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Washington, D. To those new to the issue, the marathon session was likely overwhelming, as it was to sex workers who were watching others debate their lives. As coverage at DCist and The Washington Post noted, those for and against the bill all claimed to want to protect sex workers. The campaign to support this full decriminalization bill, DecrimNow DC, was created by sex workers, with black and trans sex workers the most visible public speakers and leaders.
The communities they represent have all faced police indifference, harassment, and abuse—even death. At least 22 trans women have been killed nationwide so far this year, the majority of them black women. Advocates say that many of the trans women killed each year were sex workers. According to a survey , 40 percent of all black trans people have traded sex for money, and trans women overall were twice as likely to have done sex work than trans men. Over the last twenty years, some of these anti-prostitution groups, both secular-feminist and religious-conservative, have responded to decriminalization efforts by conflating sex work with human trafficking , and insisting decriminalization will increase trafficking.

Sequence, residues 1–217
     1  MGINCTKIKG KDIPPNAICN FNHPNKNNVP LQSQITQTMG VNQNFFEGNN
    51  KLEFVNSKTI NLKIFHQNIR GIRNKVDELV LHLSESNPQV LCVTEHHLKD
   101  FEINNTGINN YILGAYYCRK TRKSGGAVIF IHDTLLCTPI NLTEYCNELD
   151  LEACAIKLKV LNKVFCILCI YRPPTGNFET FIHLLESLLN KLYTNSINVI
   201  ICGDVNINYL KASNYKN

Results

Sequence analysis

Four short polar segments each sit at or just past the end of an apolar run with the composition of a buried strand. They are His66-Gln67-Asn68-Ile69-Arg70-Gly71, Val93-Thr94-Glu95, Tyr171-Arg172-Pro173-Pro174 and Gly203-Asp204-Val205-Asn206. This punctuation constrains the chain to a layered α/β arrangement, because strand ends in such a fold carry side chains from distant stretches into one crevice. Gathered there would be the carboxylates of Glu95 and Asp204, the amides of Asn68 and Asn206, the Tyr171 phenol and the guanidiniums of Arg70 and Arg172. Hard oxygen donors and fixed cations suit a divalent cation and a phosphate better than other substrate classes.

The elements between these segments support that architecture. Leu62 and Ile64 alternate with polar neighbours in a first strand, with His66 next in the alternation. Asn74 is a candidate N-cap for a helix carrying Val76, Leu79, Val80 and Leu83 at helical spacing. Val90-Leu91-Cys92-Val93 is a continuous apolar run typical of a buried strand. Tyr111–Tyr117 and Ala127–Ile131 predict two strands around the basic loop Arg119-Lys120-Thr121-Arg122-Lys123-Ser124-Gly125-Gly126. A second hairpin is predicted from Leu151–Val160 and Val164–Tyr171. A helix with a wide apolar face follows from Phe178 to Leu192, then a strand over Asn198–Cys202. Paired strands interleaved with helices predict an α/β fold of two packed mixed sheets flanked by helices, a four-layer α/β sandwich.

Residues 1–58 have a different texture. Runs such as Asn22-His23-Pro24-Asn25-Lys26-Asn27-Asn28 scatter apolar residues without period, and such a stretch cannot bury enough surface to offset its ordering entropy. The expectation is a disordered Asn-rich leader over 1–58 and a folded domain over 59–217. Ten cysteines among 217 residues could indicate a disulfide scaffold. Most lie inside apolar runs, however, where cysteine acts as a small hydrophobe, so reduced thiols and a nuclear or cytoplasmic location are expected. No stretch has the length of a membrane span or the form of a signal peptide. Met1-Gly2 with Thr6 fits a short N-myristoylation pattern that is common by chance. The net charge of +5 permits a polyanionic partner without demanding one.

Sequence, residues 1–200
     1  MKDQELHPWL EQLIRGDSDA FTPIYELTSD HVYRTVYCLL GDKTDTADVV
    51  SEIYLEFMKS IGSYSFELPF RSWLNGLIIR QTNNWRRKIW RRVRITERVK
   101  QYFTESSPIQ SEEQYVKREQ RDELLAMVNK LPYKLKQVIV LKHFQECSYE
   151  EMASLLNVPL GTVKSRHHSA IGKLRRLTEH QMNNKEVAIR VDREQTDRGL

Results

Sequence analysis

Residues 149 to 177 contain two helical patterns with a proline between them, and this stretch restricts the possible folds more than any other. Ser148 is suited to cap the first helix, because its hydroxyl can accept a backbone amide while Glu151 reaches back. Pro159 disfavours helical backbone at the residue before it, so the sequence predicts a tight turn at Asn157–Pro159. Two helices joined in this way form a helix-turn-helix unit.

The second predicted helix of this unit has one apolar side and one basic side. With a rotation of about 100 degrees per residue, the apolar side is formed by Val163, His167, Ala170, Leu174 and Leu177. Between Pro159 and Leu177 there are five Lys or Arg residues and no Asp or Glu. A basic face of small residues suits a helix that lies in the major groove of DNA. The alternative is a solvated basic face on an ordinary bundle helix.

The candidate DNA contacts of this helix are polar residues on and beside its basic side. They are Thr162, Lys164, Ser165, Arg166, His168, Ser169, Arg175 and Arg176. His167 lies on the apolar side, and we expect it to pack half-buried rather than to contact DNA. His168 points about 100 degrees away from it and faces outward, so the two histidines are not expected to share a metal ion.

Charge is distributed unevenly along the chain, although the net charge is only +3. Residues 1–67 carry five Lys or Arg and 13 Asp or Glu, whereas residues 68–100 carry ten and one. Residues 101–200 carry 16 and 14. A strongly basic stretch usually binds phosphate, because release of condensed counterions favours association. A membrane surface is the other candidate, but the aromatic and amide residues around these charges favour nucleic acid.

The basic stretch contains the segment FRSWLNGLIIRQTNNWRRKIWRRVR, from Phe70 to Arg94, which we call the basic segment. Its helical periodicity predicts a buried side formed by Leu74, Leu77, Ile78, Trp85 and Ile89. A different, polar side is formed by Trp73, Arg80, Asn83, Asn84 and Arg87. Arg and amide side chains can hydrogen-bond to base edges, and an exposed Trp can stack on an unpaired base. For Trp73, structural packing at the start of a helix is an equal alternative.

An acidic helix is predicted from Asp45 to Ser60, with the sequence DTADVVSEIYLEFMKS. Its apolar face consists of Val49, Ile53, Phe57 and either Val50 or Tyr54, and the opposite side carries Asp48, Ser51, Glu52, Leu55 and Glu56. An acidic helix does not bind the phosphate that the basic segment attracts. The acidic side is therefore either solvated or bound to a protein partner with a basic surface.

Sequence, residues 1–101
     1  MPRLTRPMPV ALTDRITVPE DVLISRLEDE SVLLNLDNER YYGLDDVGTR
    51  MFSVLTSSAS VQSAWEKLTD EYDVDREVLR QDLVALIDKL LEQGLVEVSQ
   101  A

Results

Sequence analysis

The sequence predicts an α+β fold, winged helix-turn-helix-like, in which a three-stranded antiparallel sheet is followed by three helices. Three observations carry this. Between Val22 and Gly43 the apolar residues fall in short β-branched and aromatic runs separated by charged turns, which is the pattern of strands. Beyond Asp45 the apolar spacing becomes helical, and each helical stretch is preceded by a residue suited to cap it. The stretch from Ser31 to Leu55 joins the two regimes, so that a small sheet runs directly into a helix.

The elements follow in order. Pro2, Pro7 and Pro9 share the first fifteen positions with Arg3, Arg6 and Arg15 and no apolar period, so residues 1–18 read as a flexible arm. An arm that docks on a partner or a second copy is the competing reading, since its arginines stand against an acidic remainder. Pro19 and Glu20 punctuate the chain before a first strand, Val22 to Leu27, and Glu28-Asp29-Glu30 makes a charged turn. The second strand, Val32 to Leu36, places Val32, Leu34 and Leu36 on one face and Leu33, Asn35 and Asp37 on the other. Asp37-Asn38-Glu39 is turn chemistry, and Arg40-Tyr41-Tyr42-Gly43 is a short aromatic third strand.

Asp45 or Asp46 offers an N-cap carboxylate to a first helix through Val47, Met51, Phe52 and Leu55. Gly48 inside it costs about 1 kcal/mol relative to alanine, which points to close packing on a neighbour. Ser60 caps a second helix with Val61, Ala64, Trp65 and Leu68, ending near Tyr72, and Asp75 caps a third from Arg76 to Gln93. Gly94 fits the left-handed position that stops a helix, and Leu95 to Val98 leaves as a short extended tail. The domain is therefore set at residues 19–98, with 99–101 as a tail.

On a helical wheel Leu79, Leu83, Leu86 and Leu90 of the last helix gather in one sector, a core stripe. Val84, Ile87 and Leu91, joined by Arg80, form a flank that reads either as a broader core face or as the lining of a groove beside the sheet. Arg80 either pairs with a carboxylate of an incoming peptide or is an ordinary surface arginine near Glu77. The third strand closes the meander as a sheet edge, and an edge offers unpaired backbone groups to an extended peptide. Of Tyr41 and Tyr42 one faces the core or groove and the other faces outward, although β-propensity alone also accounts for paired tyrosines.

In both cases, the law becomes a tool for bending women into more acceptable positions. In Washington last week, sex workers testified to the more mundane reality of harm and violence they personally face: homelessness, anti-trans bias, fear of calling for help with an overdose, fear of reporting sexual assault because of police harassment.
Few opposing the bill appeared to have any experience as sex workers. Instead, they invoked traffickers who were rumored to be sighted roaming middle schools.
Sex workers who testified sat through hours of graphic descriptions of what some outsiders believe sex work is like.